Tag Archives: hug your family

Horses with No Names- The People’s Father Christmas



A few years ago I met Jeff at the bus stop on Sacramento Street in Berkeley. The bus was late once again and he talked non stop while we were waiting. He droned on about this and that and then he blurted out that I reminded him of the women that were in the classic “masters” paintings. What it really boiled down to was that I have flowing hair and that I was “zaftig”. Now that can either mean deliciously plump or you carry your weight well. I will gratefully accept the latter.

I also learned that he had once been a radical and was heavily involved in the hippie movement in the 60’s. He loved to talk about People’s Park in Berkeley and how they used to go there at night and recite poetry while the drummers would inspire people to dance. It was pure freedom he said until one night the University of California put a fence up around the park at 4:30 am to keep everyone out. He told me that their mission became to keep the park open and he along with others would take wire cutters and tear the fences down repeatedly.
Jeff said in their naive minds they honestly thought they had won until the National Guard showed up everyday, growing in numbers until the total reached three thousand. As he spoke he almost broke into tears and then his eyes became consumed with anger and he uttered one word. That word was simply Reagan.

At that point in my life I was a part time hippie in Montreal, Quebec and did not know much about Reagan. I was too busy ironing my hair and spreading love and flowers on weekends. Linda knew absolutely nothing of what was going on in People’s Park and was getting into enough trouble protesting herself.

Jeff continued to tell me that he had participated in the protest on May 15th, 1969 and that the Police had opened fire on them as soon as they started marching down the street. He was one of the thirty people that suffered a gunshot wound that day.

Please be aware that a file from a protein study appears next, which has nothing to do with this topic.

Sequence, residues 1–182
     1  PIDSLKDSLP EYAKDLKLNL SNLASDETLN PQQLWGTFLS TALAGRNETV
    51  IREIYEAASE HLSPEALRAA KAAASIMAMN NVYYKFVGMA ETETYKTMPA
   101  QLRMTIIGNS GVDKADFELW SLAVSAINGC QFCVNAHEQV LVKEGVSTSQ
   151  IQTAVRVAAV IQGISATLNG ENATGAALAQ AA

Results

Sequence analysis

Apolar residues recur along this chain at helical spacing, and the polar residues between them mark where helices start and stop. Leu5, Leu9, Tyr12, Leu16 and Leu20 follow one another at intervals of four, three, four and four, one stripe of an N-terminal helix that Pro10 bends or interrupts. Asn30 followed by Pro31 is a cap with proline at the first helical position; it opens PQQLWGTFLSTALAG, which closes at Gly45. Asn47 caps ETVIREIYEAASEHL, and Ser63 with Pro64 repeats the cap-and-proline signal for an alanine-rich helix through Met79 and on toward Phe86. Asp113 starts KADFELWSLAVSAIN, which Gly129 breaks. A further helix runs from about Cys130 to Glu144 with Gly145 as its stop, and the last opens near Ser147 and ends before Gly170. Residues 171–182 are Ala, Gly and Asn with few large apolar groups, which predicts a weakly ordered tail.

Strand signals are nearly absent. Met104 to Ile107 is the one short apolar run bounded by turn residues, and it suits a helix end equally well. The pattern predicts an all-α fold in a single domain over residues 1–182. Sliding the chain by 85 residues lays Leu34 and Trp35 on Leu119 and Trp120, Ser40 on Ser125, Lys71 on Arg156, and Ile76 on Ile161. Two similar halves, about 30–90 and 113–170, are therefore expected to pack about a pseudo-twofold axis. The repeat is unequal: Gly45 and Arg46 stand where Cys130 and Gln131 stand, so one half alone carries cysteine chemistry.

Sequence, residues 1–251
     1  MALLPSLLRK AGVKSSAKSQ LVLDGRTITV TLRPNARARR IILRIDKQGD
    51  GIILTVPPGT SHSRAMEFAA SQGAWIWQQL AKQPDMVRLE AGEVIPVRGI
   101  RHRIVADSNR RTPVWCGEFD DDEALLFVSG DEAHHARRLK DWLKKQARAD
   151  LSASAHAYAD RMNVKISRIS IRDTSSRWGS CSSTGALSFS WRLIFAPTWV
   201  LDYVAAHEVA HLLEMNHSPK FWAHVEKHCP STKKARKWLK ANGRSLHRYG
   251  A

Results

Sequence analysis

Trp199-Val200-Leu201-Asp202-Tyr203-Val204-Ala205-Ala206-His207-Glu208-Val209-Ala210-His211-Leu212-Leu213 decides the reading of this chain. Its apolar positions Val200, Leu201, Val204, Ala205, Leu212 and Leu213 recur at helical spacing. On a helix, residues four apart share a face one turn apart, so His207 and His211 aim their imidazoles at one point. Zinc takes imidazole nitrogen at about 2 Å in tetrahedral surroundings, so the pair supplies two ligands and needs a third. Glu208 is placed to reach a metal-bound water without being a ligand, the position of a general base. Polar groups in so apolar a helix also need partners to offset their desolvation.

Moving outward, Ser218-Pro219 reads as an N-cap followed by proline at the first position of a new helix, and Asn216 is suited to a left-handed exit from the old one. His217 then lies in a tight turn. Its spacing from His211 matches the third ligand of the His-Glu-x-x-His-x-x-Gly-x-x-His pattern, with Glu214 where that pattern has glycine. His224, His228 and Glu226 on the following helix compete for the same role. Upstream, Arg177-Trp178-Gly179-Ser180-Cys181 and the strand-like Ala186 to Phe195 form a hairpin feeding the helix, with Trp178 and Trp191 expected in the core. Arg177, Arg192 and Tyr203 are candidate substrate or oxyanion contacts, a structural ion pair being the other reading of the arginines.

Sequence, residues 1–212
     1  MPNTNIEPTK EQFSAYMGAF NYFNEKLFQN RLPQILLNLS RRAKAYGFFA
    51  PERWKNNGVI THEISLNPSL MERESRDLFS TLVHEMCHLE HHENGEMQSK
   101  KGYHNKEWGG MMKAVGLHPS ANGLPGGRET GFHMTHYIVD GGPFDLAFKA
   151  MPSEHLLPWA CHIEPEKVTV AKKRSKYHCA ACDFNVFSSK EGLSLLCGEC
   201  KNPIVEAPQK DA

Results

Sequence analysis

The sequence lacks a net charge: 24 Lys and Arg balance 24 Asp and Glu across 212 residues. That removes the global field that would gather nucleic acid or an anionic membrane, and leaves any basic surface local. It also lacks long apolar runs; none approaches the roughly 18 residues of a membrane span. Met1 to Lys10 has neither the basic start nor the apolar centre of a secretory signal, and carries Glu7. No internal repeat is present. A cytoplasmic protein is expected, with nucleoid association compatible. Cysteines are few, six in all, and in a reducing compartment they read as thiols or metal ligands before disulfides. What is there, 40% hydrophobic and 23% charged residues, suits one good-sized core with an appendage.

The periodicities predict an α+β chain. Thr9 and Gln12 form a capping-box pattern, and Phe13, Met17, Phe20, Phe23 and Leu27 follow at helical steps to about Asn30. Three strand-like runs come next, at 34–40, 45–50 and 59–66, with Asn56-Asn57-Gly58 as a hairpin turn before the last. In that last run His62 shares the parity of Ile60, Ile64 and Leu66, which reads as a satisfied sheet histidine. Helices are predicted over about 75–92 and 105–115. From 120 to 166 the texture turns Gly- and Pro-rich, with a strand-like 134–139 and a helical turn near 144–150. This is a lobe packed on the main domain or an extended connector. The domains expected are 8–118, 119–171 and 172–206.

I thought back and saw myself with a protest sign in the 60s at Place Ville Marie in Montreal and people asking me if I was from San Francisco. Was I really helping the movement while over one hundred people got injured that day? I did not get hit with a club, nor was I tear gassed. All people did was take pictures of me and I now felt like a pacifist.

I was really hanging on to the edge of each word now and asked him what happened next. The next day he told me there was a planned riot that even the police knew about. Jeff felt that it was a no win situation and he opted out and became part of the woodwork. He decided to get a teaching degree, dabble in drugs and try to discover the secret of the Universe. Didn’t we all?

For thirty five years he forgot his hippie ways until a heart attack knocked on his door in 2005. After that he said he needed to make his final mark in life. There were wars to protest but no one was listening he sighed. So he decided to become Father Christmas not just for the month of December but for every day of the year.

I had not seen Jeff in a long while and one day last week there he was in full Christmas glory walking down the street. He sported a black top hat with a rainbow ribbon around it. His white sweatshirt with multiple Santas simply said “Ho Ho Ho”. Jeff’s beard and hair were also longer than I remembered. I laughed as he gave me a hug and asked him jokingly if he was Santa now. He looked at me seriously and said,

“How did you know that?

I giggled and said it was not hard by his Christmas inspired outfit. He told me of the heart attack and wanting to have some meaning in his life before he hit the final commune in the sky. Jeff mentioned the senior residence he lived in now and told me about the elderly people living in there all alone. He looked me straight in the eye and told me he had decided to make people smile and he would forever now be Father Christmas until he died.

I looked at him and understood. I smile and talk to strangers every day whether they want the greetings or not. Both of us feel we have a purpose in life and come hell or high water we are going to execute it. Jeff looked at me, smiled and tipped his hat. He looked at me straight in the eye and said,

“Linda, as Father Christmas I want to wish you a very Merry Christmas and you must continue to pass this message on.”

So to each one of you I wish you happiness and peace. You see People’s Park still exists and protesters like Jeff helped keep that park open. It was all about being able to remain free in thought and word, and that is something we should never take for granted.

Merry Christmas and Happy Holidays from Father Christmas and his elf named Linda.